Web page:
Guest blog: In this week’s blog we welcome Emily Williams, Senior Marine Policy Officer with RSPB Cymru, who joined Biosecurity for LIFE in the Western Isles as part of her sabbatical this summer.
I sat in my office (aka. the spare bedroom) in March, planning my sabbatical. Two years on since the first lockdown, I had long been dreaming of far-away seabird islands.
When Biosecurity Officer, Sarah Lawrence showed me a map of a tiny dot (North Rona) dwarfed by the surrounding Atlantic, it ticked a lot of boxes! I jumped at the opportunity to join the Biosecurity for LIFE team for a week, at the end of June.
We were headed to the Western Isles. Lewis would be our base. From there, the hope was to visit some of the most remote islands in the United Kingdom, including the Flannan Isles, North Rona, and Sula Sgeir. Surveillance stations had been installed on these islands by Biosecurity for LIFE last year. Our plan was to locate them again and check for signs of invasive non-native mammalian predators. However, as the trip grew closer, our role became multi-purpose. The devastating impacts of Highly Pathogenic Avian Influenza (HPAI) on seabirds were now apparent. Given the vast distances (North Rona being over 70km from Lewis), it was unlikely anyone else would be heading there soon. Therefore, we were also tasked to undertake an HPAI assessment for NatureScot, which involved looking for and recording all moribund and dead seabirds as part of our work.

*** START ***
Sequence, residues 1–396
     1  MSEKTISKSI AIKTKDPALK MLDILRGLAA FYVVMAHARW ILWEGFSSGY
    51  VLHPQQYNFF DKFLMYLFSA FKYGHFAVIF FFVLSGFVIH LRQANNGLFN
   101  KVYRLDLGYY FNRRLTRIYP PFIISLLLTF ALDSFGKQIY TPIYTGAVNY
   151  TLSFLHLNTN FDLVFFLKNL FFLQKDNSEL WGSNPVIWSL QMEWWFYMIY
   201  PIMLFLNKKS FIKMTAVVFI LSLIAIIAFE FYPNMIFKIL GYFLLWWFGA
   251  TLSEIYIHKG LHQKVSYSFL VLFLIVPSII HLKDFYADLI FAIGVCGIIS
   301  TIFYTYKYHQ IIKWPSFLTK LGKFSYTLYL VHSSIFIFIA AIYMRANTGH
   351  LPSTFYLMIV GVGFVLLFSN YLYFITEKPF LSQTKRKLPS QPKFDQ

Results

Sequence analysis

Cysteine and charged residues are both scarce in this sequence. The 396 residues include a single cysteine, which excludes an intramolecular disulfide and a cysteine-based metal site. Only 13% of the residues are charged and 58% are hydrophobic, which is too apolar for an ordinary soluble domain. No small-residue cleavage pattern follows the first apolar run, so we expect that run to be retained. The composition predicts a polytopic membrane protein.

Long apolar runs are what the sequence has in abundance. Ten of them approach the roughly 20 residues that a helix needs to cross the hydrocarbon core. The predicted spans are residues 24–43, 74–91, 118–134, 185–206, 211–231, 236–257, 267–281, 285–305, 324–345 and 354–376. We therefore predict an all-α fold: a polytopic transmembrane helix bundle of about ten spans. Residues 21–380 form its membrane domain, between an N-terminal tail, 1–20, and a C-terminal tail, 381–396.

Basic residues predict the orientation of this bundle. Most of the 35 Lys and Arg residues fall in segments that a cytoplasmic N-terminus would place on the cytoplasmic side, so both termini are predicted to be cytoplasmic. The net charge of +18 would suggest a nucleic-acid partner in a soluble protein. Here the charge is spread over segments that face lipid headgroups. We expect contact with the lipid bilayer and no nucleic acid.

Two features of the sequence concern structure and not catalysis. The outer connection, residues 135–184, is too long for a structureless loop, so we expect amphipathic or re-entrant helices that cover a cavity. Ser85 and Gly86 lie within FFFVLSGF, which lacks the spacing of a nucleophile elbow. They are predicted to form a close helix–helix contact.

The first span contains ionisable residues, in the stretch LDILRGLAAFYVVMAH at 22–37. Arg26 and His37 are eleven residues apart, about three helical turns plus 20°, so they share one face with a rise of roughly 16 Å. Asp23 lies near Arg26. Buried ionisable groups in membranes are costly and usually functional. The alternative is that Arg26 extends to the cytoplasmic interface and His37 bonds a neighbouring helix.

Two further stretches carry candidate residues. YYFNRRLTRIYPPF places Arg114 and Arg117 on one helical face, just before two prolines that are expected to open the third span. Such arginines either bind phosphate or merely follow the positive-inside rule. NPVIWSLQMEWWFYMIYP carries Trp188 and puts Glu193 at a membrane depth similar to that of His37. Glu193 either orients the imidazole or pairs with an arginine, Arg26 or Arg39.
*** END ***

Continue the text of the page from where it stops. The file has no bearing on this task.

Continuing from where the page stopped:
We needed a decent weather window to get out to and land on these far-flung islands, so endless checking of the weather forecast became the norm. An unsettled start to the week gave us a good amount of preparation time. We checked the incursion response hub in Stornoway and disinfected our equipment and footwear (we would be following strict HPAI protocols). Once everything was prepared to go, the team started my training early, with an introduction to the new biosecurity board game! This had been designed by school children, for use in education settings. After playing late into the evening, it was clear that trying to free islands from rats (or rat tokens), is not an easy task. Biosecurity is essential.
On the morning of the 29th June, we gathered to board the SeaTrek boat to the Flannans. We were joined by Barvas Estate and NatureScot. After an hour and a half of horizon staring, we arrived at Eilean Mòr! Safely ashore, we started the climb up the island; pausing for breath in PPE layers whilst watching the puffins that greeted us. Then it was straight to work checking the surveillance stations for rodent sign.